Quidnunc, whose name comes from the Latin “what now,” is out and about as often as possible to bring you news overheard in elevators, rest rooms and spied in various e-mail boxes.
QUID HAS HEARD that mysteries of the pandemic will abound far longer than the disease itself, which yours truly gets from a top source will miraculously disappear soon. Seems that one of the mysteries demanding a solution before then is what happens to city lawmakers late into the night when they’re riveted to every word the little people write to them, and yet their Zoom windows go mysteriously dark. In case you’re not among the crowd that rejoices twice a month when when your slate of Aurora City Council nabobs appears live on streamfest instead of seated at the dais of City Hall, then you don’t know. You aren’t privy to the sniping from the safety of living rooms, extra bedrooms and outdoor kitchens, where city lawmakers tune in to vote and smote virtually. At some point in the night, late by agreement, St. Stephen Ruger, chief sitter of the electeds, is forced to read hours of comments John and Jane Q. Public send to city council, because they can. Mysteriously, as the riveting comments continue, screen by screen from the sumptuous homes of council members, which your faithful affiant assumed all have a steady source of electricity, go gray. Certain they’re still listening, Quid assumes that Councilmember Dave Gruber is multitasking and humbly ironing the family linens, and that Councilmember Marsha Berzins was trying to finish the last few chapters of Anthony Trollope’s, “The Warden,” in case there was a quiz. Councilwoman Allison Hiltz reportedly wanders away to attend to a newborn that has only been seen in social media posts. Any shed light here can be sent to the hacks that fill this rag, and who fade off lastly.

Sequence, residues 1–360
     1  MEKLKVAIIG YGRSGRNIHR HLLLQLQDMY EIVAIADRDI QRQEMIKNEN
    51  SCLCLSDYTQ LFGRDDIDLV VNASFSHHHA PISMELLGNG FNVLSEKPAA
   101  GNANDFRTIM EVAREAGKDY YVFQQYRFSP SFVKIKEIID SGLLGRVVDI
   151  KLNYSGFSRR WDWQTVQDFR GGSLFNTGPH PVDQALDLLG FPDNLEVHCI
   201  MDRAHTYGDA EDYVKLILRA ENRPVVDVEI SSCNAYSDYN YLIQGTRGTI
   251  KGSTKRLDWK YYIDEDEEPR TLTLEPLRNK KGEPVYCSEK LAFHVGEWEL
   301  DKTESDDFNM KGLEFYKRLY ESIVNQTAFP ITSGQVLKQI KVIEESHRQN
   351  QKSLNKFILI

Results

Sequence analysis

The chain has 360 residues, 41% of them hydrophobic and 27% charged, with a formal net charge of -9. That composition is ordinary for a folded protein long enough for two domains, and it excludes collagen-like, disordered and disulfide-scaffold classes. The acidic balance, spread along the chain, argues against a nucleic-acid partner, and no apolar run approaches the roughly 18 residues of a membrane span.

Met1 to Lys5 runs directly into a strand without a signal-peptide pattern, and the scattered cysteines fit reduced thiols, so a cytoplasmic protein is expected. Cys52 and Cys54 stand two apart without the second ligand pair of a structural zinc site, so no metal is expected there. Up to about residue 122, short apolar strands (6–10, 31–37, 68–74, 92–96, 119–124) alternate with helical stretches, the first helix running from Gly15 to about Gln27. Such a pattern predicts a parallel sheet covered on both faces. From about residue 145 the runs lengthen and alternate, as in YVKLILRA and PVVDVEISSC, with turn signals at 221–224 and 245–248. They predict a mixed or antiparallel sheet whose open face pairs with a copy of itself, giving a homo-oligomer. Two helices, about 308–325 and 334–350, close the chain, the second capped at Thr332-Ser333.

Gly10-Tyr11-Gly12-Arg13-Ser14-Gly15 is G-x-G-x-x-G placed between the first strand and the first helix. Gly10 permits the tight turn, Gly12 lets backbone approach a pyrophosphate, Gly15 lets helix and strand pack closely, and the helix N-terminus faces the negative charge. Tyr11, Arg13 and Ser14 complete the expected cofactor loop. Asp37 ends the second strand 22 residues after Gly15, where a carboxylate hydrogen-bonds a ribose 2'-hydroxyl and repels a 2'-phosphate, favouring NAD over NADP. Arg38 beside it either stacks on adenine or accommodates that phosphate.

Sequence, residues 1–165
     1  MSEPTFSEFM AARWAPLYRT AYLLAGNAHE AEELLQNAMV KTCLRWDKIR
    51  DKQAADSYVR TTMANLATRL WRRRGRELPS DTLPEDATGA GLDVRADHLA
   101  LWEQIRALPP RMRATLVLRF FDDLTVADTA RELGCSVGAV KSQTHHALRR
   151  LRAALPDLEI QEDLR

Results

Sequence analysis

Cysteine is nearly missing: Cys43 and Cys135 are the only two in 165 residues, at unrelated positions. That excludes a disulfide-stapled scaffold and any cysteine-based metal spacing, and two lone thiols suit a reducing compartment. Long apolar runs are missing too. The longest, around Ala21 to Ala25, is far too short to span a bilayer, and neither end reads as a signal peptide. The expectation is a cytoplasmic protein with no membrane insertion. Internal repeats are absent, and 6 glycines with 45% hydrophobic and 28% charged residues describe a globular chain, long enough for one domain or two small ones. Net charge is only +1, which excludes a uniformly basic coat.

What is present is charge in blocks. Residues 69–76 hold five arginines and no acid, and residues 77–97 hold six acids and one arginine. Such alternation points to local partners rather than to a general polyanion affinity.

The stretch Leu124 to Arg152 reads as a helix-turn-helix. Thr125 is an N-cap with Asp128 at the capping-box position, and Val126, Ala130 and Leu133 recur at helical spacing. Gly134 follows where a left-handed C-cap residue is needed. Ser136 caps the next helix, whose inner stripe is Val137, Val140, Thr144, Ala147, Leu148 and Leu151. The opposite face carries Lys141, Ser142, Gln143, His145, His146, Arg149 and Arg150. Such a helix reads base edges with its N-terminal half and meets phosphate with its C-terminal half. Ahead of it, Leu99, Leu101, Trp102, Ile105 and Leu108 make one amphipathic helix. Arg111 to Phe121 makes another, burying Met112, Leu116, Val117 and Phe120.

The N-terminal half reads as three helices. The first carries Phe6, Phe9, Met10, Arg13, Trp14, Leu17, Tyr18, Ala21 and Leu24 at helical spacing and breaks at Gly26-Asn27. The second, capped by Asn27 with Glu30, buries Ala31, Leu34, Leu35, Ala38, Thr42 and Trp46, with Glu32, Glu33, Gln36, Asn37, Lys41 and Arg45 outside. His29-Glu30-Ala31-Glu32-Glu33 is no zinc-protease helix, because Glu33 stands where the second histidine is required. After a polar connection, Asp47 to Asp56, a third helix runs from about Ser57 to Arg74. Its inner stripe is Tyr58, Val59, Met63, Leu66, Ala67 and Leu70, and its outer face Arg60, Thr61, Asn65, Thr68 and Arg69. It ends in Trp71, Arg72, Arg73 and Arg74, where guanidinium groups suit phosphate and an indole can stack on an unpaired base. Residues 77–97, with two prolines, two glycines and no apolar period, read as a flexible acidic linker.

AND THAT’S ALL THE NEWS THAT FITS